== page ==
Frankly, with Funimation on the production committee for Dimension W, and it already announced as being "simulcast internationally", I originally expected it to be their debut to international simulcasting. As it doesn't premiere until January 10, it might still happen, but at this point I feel it is likely the international aspect will be handled by someone else (probably Daisuki).

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Posted 1/1/16 , edited 1/1/16

TheAncientOne wrote:

There are a number of other titles. CR started non-NA simulcasts back with No-Rin in winter 2014. The problem with these are that they often exclude English-language rights. Also, if a simulcast isn't in their region, people typically don't count it, even if it excludes the US.

People may talk about "outside the US", but in their thoughts it really comes down to "what is available in my country". I can't blame them, as it is human nature, but they need to try and keep that in mind.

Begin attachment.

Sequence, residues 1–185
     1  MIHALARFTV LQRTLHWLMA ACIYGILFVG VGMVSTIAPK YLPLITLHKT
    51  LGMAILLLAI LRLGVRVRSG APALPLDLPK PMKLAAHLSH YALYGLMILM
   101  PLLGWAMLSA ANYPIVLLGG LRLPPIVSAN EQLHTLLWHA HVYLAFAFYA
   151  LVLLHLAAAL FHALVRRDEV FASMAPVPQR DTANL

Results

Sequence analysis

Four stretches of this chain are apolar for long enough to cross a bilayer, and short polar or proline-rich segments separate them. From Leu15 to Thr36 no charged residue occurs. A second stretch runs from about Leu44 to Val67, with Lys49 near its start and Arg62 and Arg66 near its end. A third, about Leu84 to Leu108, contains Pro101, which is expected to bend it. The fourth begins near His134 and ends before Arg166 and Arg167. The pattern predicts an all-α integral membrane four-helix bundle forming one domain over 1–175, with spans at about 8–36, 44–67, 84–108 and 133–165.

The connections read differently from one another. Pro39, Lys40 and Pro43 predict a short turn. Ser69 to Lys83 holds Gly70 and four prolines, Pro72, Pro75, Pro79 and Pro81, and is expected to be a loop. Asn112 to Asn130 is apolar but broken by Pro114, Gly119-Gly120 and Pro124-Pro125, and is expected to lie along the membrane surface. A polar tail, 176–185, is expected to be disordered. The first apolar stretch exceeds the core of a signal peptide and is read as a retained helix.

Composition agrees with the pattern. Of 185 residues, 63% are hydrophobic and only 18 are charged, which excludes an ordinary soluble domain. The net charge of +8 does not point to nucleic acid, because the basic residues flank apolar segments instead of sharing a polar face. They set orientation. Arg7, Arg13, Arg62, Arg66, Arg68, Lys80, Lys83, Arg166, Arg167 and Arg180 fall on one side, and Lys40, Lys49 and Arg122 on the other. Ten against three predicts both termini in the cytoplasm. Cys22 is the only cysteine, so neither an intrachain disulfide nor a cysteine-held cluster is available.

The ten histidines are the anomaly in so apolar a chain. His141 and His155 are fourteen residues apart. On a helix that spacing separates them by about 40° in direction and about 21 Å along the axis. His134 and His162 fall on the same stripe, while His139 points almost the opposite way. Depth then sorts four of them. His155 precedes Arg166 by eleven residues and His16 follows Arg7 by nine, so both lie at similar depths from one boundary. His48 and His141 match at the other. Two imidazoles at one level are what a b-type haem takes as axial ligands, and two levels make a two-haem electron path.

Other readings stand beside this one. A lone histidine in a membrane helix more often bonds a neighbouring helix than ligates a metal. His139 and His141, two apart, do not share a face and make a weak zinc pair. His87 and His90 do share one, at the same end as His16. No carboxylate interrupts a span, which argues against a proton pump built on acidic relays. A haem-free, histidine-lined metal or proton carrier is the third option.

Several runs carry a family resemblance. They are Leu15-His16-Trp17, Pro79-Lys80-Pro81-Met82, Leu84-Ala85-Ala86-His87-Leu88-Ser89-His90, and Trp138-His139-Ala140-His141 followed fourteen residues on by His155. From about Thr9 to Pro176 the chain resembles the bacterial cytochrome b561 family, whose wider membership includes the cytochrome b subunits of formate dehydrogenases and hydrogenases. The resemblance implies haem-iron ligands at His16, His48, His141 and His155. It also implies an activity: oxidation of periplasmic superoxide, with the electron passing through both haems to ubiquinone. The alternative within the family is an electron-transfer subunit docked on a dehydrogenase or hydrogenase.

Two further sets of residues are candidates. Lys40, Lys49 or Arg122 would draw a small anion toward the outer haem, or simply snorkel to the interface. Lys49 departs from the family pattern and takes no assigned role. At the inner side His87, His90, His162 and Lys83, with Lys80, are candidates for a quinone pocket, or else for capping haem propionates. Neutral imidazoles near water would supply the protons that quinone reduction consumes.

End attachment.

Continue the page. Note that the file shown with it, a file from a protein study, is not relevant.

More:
I've also seen the occasional mention of catalog titles licensed outside the US, but those don't normally appear in the Site News.

So they only post North American catalogue acquisitions in Site News and then wonder why people are pissed off with seeing them? The obvious solution would be to add of the catalogue announcements to the Site News section.

I heard a suggestion that at one point, they had several European Premium Members only simulcasts, but the objections from North Americans were so vociferous they killed the idea and it wasn't tried again. Don't know true that is though, you'd probably know more than me.


TheAncientOne wrote: